COVID PM: Trying to make some sense of the foggy vaccination situation
Happy Tuesday, everyone. It was a day for trying to find clarity in the mud that is vaccine distribution. And there were, of course, steps forward and backward in the process.
Our content partner Cal Matters dug in deep on the issues that continue to plague the state, and those issues were reflected in the information we received from the local health systems we’ve been touching base with. In short: The vaccine scramble continues, with sometimes conflicting messages. This newsletter is a bit later than usual tonight because we were awaiting responses to our questions.
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To the headlines...
Cutting through the vaccine cloud
As California state health officials continued to struggle with supplying COVID-19 vaccines to Santa Cruzans and others eager to get them, the three major health systems that serve patients here were scrambling to set realistic expectations amid the unreliable supply. Dignity Health Medical Group-Dominican is offering vaccines to any patients 65 and older, a contrast to both Kaiser Permanente and Sutter/PAMF, who are only vaccinating those 75 and older at this time.
Late in the day Sutter/PAMF sent an email to patients saying that “we anticipate opening vaccination to patients who are age 65 and older later this week. . . . We’re doing everything we can to meet demand, but we expect wait times on our phone scheduling line will remain high.” More from Mallory Pickett on that topic here.
VACCINE WATCH: Those latest developments above plus everything else you might need to know about getting vaccinated in Santa Cruz County can be found here.
Local trend continues, but variants provide pause
COVID TODAY: In all, 55 new cases were confirmed on Monday, according to county statistics. This is much less than the high of 336 cases confirmed on Dec. 31, but is still significantly higher than the average of about 30 new cases per day that the county was seeing in the summer.
The improving local picture comes amid concerns that, statewide, more variants of the virus are being detected. A coronavirus variant from Brazil has been detected in a sample from the Bay Area, underscoring the urgency of ramping up inoculation efforts as researchers try to learn whether it, as well as others circulating in California, could undermine the effectiveness of COVID-19 vaccines. More from Mallory and the LA Times here.
More about the music
SPECIAL REPORT REDUX: Wallace Baine detailed the muddled present and anticipatory future of the local live music scene because of the pandemic yesterday — one that will go on without Moe’s Alley owner Bill Welch, who is calling it quits after 28 years. But we wouldn’t let him go without running down his favorite acts. He did that for Wallace and Lookout here.
A LITTLE COVID RELIEF: In the wake of Wallace’s pandemic music story, we asked for your favorite local music memories. Here are a few — including two from musicians. After the ’89 earthquake, Bobby McFerrin brought Voicestra to the Civic, and they offered a fundraiser with Tandy Beal dancers. Fabulous! — Claire Paul ... Performing in the Coconut Main Ballroom. The old Good Times ball in particular 🎵🎶 — Toby Gray ... The Banana Slug String Band had a major blast with our sold-out Rio show for our 25th Anniversary. Slugs and Roses had a Peak experience performing & jammin with the Merry Pranksters @ Don Quixotes for the 1st annual commemorative celebration of the First Acid Test! The Puffball Collective had a funky good time playing at the awesome Mountain Sol Festival a few years back. — Doug Dirt Greenfield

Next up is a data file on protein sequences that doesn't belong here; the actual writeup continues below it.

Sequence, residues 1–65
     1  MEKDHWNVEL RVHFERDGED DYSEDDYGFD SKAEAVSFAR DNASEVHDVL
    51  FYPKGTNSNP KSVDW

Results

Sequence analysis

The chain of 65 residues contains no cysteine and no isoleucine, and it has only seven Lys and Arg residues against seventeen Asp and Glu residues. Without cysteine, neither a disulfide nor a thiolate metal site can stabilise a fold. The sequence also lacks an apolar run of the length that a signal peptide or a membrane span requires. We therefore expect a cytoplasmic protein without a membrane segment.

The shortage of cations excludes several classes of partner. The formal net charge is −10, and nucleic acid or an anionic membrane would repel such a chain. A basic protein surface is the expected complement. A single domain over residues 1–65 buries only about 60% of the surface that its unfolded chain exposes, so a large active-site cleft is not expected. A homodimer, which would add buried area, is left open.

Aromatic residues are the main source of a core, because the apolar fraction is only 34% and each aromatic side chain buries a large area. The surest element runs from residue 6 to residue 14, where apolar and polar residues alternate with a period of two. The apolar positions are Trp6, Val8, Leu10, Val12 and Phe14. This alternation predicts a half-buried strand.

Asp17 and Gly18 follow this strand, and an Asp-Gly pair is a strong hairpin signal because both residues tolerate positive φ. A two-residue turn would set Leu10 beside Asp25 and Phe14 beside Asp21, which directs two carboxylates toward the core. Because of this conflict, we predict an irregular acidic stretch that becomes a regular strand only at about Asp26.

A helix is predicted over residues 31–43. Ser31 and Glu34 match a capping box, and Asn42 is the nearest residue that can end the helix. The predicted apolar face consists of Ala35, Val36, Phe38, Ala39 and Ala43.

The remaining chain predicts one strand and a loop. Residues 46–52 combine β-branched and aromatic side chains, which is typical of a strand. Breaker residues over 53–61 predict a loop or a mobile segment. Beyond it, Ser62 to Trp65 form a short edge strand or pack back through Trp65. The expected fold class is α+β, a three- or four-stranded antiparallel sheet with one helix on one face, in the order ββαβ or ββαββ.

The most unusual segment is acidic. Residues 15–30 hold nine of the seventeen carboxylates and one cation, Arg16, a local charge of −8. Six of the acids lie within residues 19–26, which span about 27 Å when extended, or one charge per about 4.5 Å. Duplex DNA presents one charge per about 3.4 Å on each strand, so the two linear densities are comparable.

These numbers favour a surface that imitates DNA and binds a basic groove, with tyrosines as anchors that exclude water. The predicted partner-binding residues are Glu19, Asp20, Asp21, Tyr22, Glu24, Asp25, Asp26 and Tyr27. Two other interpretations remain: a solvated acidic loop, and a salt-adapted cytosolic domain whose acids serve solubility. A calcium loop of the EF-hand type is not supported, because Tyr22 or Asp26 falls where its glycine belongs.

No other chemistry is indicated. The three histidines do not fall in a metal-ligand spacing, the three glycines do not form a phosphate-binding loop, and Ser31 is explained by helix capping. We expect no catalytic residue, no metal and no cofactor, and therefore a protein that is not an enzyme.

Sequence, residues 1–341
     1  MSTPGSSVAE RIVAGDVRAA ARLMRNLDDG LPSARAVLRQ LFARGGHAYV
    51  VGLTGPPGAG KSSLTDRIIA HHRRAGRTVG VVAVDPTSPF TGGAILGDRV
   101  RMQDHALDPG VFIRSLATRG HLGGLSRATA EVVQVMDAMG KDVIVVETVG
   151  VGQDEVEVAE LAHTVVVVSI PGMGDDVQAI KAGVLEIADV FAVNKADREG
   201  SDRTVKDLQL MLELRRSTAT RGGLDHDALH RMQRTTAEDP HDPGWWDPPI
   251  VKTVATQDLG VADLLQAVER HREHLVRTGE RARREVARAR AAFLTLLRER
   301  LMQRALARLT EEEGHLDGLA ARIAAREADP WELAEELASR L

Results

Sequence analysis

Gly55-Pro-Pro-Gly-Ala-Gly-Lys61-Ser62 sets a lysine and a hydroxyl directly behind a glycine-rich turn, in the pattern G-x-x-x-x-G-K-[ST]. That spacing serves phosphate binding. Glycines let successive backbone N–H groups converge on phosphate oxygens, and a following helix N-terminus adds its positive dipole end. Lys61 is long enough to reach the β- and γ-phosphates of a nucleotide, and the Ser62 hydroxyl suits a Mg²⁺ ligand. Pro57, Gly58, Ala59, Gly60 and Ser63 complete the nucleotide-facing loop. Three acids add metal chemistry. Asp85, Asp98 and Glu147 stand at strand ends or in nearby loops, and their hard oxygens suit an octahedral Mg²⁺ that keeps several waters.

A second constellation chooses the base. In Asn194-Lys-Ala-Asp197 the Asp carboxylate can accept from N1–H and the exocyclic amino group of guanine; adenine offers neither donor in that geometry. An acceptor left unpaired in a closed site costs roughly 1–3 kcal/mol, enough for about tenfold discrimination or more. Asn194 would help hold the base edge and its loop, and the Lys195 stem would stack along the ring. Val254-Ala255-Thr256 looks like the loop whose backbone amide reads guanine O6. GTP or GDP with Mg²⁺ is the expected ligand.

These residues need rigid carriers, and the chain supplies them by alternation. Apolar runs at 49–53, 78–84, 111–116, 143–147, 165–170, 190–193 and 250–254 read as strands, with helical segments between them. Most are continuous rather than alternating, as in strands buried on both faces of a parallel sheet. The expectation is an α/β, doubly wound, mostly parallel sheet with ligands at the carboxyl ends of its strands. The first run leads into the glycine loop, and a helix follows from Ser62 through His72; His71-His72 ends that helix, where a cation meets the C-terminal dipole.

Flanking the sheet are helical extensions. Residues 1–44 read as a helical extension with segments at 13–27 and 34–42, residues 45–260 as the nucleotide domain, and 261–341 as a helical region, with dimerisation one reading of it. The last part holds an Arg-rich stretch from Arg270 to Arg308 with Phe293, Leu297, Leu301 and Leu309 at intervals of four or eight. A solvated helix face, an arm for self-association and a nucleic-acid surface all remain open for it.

OK, enough with the fun stuff
➤ Coronavirus variant from Brazil found in California (LA Times)
➤ Anti-mask Councilman Tito Ortiz keeps Huntington Beach mayor pro tem title (LA Times)
➤ UC San Diego will open a COVID-19 vaccination superstation on campus (LA Times)
➤ Biden Administration will ship COVID-19 vaccines directly to pharmacies (NPR)
➤ NFL to allow 22,000 fans at Super Bowl LV, including 7,500 vaccinated health care workers (CNN)
➤ The NFL is providing free PPE kits to Super Bowl attendees upon arrival at the stadium (CNN)
We received word late this afternoon that the first mass COVID-19 vaccination clinic specifically targeted to agricultural workers in Santa Cruz County will be held at Casserly Hall in Watsonville on Wednesday. The clinic is a partnership between Dignity Health Dominican Hospital, the Santa Cruz County Farm Bureau, and the California Strawberry Commission.
They anticipate vaccinating approximately 1,000 local agricultural workers over two days and, according to a press release put out by Dignity, “helping to create 1,000 new ambassadors within the farm worker community who can speak to the benefits of the COVID-19 vaccine.” As Lookout reported last week, one of the primary concerns about farmworker vaccination is a mistrust within the community. Be On The Lookout for information about how this effort at Casserly Hall goes.
Until next time...
Deputy Managing Editor